Car Insurance: Penalties not deterring uninsured drivers

Average fine for people caught driving without car insurance is significantly less than insurance premiums

Cost of insuring a car is far higher than the average fine issued to people caught driving with no insurance.

Cost of insuring a car is far higher than the average fine issued to people caught driving with no car insurance.

Threats of fines, penalty points and driving bans are not deterring uninsured motorists from getting behind the wheel, according to a new study which reveals that the average cost of insuring a car is far higher than the average fine issued to people caught driving with no car insurance.

The study, carried out by the AA, revealed that the average fine for people caught driving without car insurance in the UK is £299 – far lower than the maximum fine of £5,000 – which is mainly a result of penalties being means tested.

As the majority of people convicted of driving insured are young men with low incomes, they cannot often afford to pay the biggest potential fines and so walk away from court only a few hundred pounds lighter in the pocket – significantly less than the £1,750 that it costs the average young motorist with no convictions and a clean licence to insure his or her car.

Driving change

In order to tackle the problem of uninsured drivers, the government is implementing a number of motoring offence reforms from next month that will increase the fixed penalty for driving without car insurance from £200 to £300.

Though this has been welcomed by some, the AA points out that the £300 is roughly the same amount that the average uninsured driver already pays, once means testing is taken into account, and has instead called for tougher sanctions to deter those breaking the rules.

Targeting those most likely to offend is one option, according to Simon Douglas, director of AA Insurance, who pointed out that the majority of uninsured drivers have previous motoring offences to their names and are often driving vehicles with no MoT or tax.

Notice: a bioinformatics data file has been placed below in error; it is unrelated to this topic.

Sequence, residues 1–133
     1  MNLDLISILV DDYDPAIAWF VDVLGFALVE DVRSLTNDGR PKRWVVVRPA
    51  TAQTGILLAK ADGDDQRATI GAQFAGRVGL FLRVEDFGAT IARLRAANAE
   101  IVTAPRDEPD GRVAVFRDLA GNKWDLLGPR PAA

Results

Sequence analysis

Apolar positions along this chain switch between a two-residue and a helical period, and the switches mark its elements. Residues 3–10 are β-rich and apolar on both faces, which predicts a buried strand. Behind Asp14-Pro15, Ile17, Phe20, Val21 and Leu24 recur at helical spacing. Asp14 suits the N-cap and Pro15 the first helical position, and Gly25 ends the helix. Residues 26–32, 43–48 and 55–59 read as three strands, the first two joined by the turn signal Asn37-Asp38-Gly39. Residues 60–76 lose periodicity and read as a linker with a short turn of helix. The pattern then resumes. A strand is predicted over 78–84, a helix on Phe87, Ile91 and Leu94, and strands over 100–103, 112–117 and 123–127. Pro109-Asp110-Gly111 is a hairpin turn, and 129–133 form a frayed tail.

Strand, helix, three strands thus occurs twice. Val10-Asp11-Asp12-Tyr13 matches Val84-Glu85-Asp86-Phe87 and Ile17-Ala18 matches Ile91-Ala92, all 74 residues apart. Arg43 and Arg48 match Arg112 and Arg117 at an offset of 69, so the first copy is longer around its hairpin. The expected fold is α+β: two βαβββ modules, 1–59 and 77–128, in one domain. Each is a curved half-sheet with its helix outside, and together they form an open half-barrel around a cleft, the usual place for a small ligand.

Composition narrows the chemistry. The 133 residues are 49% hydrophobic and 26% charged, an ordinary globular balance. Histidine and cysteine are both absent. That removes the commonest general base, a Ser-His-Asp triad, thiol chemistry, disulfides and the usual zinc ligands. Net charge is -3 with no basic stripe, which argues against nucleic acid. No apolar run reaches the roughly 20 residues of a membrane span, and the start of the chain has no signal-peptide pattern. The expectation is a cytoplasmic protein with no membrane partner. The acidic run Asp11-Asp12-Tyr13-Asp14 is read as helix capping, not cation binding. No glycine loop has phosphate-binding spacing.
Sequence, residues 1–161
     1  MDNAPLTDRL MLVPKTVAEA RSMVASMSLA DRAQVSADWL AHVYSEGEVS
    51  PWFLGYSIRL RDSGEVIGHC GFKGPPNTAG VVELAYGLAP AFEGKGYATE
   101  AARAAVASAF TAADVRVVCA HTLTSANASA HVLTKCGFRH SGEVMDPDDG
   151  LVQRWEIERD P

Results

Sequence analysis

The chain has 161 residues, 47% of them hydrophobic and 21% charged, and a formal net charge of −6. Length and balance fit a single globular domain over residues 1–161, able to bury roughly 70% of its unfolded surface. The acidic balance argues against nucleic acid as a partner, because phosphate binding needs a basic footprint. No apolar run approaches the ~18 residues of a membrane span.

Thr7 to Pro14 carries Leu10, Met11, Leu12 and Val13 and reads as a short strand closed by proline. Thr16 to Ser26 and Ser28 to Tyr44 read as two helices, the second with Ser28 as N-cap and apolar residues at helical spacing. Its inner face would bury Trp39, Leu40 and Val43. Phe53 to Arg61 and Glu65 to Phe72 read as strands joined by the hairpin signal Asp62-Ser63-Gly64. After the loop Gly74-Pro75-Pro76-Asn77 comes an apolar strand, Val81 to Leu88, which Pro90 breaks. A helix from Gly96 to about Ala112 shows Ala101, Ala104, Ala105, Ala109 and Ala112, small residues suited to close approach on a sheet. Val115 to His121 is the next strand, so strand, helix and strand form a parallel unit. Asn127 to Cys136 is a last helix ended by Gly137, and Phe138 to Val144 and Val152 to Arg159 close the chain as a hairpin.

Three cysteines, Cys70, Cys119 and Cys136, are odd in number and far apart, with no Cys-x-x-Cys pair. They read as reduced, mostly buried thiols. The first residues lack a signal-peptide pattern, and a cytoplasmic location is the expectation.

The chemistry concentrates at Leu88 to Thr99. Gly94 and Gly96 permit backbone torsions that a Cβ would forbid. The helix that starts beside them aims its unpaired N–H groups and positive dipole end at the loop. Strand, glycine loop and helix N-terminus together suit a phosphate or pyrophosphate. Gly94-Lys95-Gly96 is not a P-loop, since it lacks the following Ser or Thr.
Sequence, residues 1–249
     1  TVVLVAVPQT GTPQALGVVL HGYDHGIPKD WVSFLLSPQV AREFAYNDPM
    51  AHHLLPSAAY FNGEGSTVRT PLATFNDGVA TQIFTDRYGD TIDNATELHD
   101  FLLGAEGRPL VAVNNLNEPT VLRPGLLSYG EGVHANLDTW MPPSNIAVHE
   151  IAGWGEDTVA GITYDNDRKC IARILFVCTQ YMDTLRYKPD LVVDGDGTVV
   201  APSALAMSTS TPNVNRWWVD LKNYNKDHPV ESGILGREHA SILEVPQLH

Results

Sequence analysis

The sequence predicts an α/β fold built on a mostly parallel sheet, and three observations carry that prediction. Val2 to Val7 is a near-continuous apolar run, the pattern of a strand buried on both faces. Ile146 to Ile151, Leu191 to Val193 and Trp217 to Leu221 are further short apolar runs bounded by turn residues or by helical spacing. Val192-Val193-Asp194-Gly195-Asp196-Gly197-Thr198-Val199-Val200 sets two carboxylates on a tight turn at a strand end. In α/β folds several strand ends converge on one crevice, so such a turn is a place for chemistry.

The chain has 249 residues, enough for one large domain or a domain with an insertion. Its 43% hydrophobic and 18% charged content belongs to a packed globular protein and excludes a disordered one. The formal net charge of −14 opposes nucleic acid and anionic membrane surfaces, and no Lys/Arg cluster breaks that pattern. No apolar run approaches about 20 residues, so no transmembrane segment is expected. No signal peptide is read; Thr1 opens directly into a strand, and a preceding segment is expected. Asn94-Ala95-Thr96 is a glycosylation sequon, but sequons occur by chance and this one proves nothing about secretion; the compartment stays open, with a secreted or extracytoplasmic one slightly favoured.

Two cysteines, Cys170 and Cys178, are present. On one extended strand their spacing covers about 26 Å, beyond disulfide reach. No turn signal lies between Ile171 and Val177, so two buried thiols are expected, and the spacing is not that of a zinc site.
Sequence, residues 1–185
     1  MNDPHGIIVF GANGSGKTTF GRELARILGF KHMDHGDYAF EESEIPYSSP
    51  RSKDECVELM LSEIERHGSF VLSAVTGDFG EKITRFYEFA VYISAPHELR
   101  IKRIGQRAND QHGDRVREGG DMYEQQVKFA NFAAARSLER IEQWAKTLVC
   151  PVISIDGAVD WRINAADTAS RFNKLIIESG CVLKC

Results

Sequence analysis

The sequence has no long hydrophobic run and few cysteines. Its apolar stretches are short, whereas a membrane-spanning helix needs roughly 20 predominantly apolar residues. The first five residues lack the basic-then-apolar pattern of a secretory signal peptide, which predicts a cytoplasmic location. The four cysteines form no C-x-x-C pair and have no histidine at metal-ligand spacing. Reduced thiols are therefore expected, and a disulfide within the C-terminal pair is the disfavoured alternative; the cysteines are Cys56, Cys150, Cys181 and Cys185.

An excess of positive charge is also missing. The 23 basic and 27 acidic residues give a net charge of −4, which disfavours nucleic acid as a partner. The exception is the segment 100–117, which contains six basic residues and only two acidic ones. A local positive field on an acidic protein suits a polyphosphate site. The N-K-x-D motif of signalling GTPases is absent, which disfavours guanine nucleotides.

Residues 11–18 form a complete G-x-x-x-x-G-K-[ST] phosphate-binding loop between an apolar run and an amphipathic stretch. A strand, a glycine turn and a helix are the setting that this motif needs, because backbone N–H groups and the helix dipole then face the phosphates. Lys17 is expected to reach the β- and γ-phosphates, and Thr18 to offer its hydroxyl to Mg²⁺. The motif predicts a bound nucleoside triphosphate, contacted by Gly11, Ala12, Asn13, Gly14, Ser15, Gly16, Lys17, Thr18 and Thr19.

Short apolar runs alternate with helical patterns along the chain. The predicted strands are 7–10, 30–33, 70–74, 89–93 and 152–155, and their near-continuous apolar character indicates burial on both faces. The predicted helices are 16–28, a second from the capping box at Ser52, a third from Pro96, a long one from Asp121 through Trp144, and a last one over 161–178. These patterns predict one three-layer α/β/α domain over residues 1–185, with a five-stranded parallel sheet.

In 2012 alone, 11,000 convicted uninsured motorists had previously been disqualified from driving, and Mr Thomas has now called on the government to think twice about how it will tackle the problem.

Putting the brakes on

“For the habitual offender who is used to the inside of a courtroom, [the £300 fixed penalty] is hardly a disincentive, when they can easily obtain another cheap banger for cash, no questions asked, and continue offending,” he explained.

“Although the number of uninsured drivers is falling thanks to the introduction of Continuous Insurance Enforcement in 2011, the chances of being hit by an uninsured driver in Britain are still higher than almost anywhere else in Europe.”

Figures published by the road safety charity Brake show that one out of every 25 motorists on Britain’s roads is believed to be driving without car insurance, while every year uninsured drivers kill 160 people and cause injury to 23,000.

Furthermore, the likelihood of a successful recovery of damages from an uninsured driver is extremely low, according to Mr Thomas, who pointed out that they are often unemployed or on very low incomes and frequently associated with other criminal activities.

On the road to recovery?

In order to better tackle the problem, the AA says it is up to the government and police to increase the chances of offenders being caught.

“If uninsured drivers know they’ll quickly be caught then that will act as a big disincentive. Clearly more police patrols equipped with automatic number plate recognition technology, which helps identify cars with no insurance, MoT or tax, will help,” the organisation stated.

“We need a tough, no-compromise approach to uninsured drivers which should include community service. For extreme offenders, electronic tagging or, as a last resort, custodial sentences should be considered, too.”

With uninsured drivers costing the country almost £400 million a year and adding £33 to the cost of every car insurance policy, changes to help tackle the problem would likely be welcomed by the vast majority of Britain’s road users.

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